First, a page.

Mountbellew bog comes to life with photo exhibition

Round leafed sundew in bright sunshine, her tentacles fully extended.

Round leafed sundew in bright sunshine, her tentacles fully extended.

The secret life of Ireland's bogs will be revealed in a new exhibition in Mountbellew next month.

The Galway Teleworks community building at Mountbellew Co-op is showcasing some of the wild and wonderful life of Irish bogs, courtesy of ‘The Living Bog’ project.

The photos were taken by acclaimed nature photographer and author Tina Claffey, whose recent book Tapestry of Light from Galway-based publisher Artisan House has been a resounding success - President of Ireland, Michael D Higgins, has a first edition in his library and one of Claffey's prints on his wall at the Áras.

Claffey was drawn to Ireland’s remaining raised bogs when she returned to the Irish midlands after living and working in Botswana, Southern Africa, for almost a decade. She says the exotic flora and fauna of an Irish bog is even better than what she found in the wilds of Africa, with unique species totally dependent on the bog. One such species is the flesh-eating sundew which survives on insects.

In specialising in micro-photography, Claffey is required to sit patiently, lie down, or climb up to wait for the moment.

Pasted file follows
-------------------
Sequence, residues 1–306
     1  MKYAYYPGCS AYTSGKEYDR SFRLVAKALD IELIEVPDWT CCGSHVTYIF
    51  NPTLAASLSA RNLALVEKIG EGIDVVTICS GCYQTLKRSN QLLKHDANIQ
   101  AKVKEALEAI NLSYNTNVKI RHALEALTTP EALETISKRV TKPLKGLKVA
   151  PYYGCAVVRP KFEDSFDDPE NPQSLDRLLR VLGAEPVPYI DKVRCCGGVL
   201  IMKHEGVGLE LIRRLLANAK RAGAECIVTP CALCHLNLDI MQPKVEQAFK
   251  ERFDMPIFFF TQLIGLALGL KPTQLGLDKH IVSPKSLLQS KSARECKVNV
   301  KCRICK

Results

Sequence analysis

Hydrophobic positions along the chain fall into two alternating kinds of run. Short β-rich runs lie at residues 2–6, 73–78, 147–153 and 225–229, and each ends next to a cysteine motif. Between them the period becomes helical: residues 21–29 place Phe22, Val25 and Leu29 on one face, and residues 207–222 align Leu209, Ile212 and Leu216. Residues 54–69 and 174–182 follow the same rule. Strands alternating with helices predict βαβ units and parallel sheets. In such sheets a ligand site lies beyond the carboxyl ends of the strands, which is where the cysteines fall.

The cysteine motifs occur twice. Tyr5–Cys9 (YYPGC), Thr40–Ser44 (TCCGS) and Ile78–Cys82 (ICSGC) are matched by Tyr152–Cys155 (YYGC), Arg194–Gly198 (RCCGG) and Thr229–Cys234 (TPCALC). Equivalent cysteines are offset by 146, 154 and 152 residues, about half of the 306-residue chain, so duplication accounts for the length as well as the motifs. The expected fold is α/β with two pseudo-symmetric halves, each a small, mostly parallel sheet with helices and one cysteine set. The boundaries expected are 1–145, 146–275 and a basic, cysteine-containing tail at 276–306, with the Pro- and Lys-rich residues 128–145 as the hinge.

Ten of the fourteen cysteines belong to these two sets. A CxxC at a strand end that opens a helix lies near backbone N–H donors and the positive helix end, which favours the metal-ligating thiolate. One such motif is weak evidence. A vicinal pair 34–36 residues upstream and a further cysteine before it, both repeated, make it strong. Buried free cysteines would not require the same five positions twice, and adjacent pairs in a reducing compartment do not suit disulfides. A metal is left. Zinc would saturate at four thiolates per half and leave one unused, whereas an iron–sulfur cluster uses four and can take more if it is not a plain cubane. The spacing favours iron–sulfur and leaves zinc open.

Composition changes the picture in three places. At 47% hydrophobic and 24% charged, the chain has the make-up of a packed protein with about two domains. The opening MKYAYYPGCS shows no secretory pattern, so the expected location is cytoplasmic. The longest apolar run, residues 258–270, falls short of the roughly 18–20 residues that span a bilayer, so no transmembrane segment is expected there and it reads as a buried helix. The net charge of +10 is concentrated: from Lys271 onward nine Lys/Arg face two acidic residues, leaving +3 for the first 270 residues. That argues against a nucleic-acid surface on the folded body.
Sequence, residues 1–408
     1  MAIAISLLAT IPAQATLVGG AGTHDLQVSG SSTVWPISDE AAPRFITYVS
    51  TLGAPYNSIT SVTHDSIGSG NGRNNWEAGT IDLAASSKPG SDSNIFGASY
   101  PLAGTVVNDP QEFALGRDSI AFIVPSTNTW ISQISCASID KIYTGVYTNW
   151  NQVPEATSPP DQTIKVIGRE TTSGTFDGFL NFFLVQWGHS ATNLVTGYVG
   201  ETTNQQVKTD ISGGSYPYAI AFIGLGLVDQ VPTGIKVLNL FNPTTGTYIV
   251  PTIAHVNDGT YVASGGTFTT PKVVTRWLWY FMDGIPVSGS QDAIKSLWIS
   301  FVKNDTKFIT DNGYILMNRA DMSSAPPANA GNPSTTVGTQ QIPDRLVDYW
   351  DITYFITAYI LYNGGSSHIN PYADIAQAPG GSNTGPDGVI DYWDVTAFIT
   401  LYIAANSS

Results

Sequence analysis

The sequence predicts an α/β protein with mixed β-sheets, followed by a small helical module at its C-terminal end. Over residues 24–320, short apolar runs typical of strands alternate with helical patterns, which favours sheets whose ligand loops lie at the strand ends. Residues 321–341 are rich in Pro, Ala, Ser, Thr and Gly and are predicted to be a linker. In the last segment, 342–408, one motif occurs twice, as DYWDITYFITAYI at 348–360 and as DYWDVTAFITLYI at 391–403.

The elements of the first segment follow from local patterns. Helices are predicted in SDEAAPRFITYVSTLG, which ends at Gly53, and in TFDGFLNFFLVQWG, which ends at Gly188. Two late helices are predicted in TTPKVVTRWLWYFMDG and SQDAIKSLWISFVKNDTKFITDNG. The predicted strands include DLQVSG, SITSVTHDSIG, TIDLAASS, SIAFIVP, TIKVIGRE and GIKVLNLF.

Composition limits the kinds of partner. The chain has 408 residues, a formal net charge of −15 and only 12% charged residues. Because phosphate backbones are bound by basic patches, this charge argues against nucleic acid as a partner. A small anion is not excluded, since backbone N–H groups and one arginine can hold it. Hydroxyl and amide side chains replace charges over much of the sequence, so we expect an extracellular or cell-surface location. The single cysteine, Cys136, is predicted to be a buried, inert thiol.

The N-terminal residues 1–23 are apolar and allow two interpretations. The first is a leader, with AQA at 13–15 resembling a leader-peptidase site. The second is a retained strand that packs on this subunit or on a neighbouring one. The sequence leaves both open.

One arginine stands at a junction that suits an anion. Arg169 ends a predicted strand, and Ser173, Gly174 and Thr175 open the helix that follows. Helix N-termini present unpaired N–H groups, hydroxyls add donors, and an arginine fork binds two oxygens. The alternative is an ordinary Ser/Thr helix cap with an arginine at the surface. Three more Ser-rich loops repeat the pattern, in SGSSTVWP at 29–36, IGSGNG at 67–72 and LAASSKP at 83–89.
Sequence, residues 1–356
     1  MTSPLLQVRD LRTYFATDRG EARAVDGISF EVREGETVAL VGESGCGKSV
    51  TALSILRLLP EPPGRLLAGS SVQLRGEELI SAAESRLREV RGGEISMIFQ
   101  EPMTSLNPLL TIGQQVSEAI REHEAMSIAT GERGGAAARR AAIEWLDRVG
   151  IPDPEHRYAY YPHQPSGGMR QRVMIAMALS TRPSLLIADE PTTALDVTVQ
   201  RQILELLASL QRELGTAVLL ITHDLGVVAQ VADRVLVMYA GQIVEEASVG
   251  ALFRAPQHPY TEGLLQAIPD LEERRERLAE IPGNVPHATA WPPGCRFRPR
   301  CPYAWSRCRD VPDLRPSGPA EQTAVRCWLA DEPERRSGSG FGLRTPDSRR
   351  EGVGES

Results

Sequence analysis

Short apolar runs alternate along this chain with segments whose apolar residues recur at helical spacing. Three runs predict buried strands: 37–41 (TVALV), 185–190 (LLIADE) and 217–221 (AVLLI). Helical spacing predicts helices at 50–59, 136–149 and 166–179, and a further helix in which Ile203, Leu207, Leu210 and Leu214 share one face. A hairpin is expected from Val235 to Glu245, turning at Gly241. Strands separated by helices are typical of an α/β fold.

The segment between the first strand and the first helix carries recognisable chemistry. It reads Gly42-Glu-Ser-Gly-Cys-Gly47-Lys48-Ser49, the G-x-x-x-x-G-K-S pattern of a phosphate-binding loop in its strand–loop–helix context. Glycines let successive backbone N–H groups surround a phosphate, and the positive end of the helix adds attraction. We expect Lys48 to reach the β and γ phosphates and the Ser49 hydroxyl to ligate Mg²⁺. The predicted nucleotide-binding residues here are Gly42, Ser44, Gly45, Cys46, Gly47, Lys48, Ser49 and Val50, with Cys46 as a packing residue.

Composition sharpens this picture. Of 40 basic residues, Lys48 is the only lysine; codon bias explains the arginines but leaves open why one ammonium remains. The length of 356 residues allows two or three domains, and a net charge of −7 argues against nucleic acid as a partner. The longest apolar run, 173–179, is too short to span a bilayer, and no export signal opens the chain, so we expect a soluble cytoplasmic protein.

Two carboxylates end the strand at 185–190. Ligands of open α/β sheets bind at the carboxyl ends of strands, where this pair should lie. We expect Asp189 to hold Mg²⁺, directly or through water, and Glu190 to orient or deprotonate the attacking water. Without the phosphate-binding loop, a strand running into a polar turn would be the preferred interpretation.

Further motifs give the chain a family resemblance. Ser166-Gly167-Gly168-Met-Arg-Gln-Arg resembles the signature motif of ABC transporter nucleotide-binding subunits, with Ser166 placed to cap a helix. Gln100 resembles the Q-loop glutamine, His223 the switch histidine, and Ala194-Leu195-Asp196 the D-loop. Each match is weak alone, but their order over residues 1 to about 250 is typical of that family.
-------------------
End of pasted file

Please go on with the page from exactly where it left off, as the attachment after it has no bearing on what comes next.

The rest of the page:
Her work has featured at several exhibitions over the past few years, and has been on the BBC and in the Guardian newspaper in the UK.

Running until the Mountbellew Show on September 15, it is the first of many bog-related events set to take place at the Galway Teleworks building, which is to be the hub of Carrownagappul Bog Special Area of Conservation (SAC ) - ‘Galway’s Living Bog’, which is just outside Mountbellew.

It is one of 12 bogs currently being restored by ‘The Living Bog’ project, which is funded by the EU’s LIFE programme and co-funded and administered by the Department of Culture, Heritage and the Gaeltacht.

Working with the local community in Mountbellew, the project is planning to upgrade walking paths and provide community-led visitor amenities on the bog over the next three years. There will also be an interactive display area developed at the Galway Teleworks building, and hopes are high the new tourism offering will bring in many visitors to the area to celebrate Galway’s Living Bog.

Carrownagappul Bog SAC is one of Europe’s largest remaining, relatively intact raised bogs. At 487 hectares it contains one of the largest extant areas of uncut high bog surface in east Galway.

For more, check out www.raisedbogs.ie and www.galwayslivingbog.ie

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